Search and Rescue team members used the Dosewallips State Park’s field as their command post for the multi-agency rescue of two hikers who had fallen down the Brothers Mountain on May 23. Teams from Jefferson Search and Rescue, Jefferson County Sheriff’s Office, Naval Air Station Whidbey Island Search and Rescue and Olympic Mountain Rescue responded to the emergency. Photo courtesy of Jefferson Search and Rescue

Search and Rescue team members used the Dosewallips State Park’s field as their command post for the multi-agency rescue of two hikers who had fallen down the Brothers Mountain on May 23. Teams from Jefferson Search and Rescue, Jefferson County Sheriff’s Office, Naval Air Station Whidbey Island Search and Rescue and Olympic Mountain Rescue responded to the emergency. Photo courtesy of Jefferson Search and Rescue

Seattle hiker dies during Brothers Mountain hike

A 31-year-old woman from Seattle died after she fell down a crevasse while hiking down the Brothers Mountain in the Olympic National Forest.

Melanie Kondrat was hiking down the mountain Sunday afternoon, May 23, when she slipped along with a man in his 30s who was with her, said Brett Anglin, detective sergeant with the Jefferson County Sheriff’s Office.

The man — unidentified because of privacy concerns — held onto her to prevent her sliding into the 40-foot crevasse, according to the Naval Air State Whidbey Island search and rescue team.

After about 15 minutes, his grip gave out and she plunged to the bottom.

“It’s a tragic situation,” Anglin said. “It affected our responders there very significantly.

“Our heart-felt condolences go out to the family in this tragedy.”

Both hikers had lost their footing while they were hiking at about 5,700 feet and slid down the mountain. They hit rock outcrops, which stopped the man, but Kondrat — who was already unresponsive — kept falling.

When rescuers reached her, they found she was dead, Anglin said.

The man was airlifted to Harborview Medical Center on Sunday and has since been discharged, Anglin said.

Anglin, one of three coordinators who assisted, said that an InReach emergency beacon and a phone call from another group of hikers alerted authorities to the endangered hikers at about 1 p.m. Sunday.

Teams from Jefferson Search and Rescue (JSAR), Jefferson County Sheriff’s Office (JCSO), Naval Air Station Whidbey Island Search and Rescue and Olympic Mountain Rescue formed to respond, Anglin said Tuesday.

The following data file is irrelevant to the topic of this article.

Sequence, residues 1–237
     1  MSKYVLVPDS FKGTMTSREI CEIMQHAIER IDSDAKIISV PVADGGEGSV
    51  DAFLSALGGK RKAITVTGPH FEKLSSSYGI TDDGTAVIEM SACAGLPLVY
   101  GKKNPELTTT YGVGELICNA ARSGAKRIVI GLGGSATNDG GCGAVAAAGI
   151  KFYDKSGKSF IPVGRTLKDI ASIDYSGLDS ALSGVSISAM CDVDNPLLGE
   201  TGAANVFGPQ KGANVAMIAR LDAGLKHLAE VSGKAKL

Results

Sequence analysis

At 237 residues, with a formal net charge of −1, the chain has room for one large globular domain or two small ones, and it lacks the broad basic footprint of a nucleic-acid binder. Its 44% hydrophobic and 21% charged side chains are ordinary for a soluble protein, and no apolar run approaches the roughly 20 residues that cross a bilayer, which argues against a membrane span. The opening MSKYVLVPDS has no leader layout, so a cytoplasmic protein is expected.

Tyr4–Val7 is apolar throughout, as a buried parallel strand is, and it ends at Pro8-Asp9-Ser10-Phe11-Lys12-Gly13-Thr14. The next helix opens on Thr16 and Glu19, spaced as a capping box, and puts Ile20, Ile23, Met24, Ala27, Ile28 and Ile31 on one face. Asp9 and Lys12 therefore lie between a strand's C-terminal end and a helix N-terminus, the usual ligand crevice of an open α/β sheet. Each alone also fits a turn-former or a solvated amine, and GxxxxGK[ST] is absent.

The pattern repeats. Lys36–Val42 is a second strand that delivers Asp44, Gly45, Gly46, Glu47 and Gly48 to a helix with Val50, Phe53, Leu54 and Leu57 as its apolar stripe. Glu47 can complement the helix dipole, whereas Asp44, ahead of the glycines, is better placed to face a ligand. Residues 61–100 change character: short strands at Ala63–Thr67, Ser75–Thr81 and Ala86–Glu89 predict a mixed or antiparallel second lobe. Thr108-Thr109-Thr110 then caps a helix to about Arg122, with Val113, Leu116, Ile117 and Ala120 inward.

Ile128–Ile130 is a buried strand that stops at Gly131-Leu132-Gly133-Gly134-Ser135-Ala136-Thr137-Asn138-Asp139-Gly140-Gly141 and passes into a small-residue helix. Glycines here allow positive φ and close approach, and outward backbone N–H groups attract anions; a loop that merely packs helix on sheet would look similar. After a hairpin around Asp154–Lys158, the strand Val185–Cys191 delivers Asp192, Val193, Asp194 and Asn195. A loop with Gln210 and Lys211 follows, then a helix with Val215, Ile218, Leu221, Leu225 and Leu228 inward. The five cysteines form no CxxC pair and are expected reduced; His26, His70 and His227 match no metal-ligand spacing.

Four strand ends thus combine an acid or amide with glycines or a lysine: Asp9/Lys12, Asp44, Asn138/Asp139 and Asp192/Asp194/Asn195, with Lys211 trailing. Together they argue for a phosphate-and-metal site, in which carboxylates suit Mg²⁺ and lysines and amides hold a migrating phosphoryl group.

The hikers who had called rescuers helped the man to a secure rock face and kept him warm — as he was suffering from hypothermia — but they could not reach Kondrat, Anglin said.

The Whidbey Island Navy crew found a way through the cloud layers and fog to drop two rescuers to the area. They determined the man needed to be flown out for care, and that additional rescue equipment would be needed before attempting to help Kondrat, according to a Facebook post by JSAR.

The Navy crew landed in Brinnon to pick up three JSAR members, along with ropes and rigging equipment, while remaining JSAR members and additional personnel from Olympic Mountain Rescue prepared to hike the Lena Lake Trail and climb the route from below to help with the extraction, Anglin said.

After multiple attempts, the helicopter was able to reach the site to drop the JSAR personnel. They hoisted up the man, who was flown to Harborview, and reppelled down to Kondrat, he said.

In worsening weather and diminishing daylight, the helicopter team had to make two more trips while navigating cloud layers and low visibility to retrieve the JSAR personnel, Navy medic, Kondrat’s body and the other climbing team, the Navy said in a press release.

The rescue was completed by 8 p.m., Anglin said.

He was impressed by the massive response from the Navy and other search and rescue teams.

“We can’t say enough good things about everybody who showed up,” Anglin said. “This was an extremely dangerous recovery, and to be even able to conduct this task is not only heroic but just phenomenal work by all parties involved.

“Through their efforts, they were not only able to recover one person, but also bring closure to the family.”

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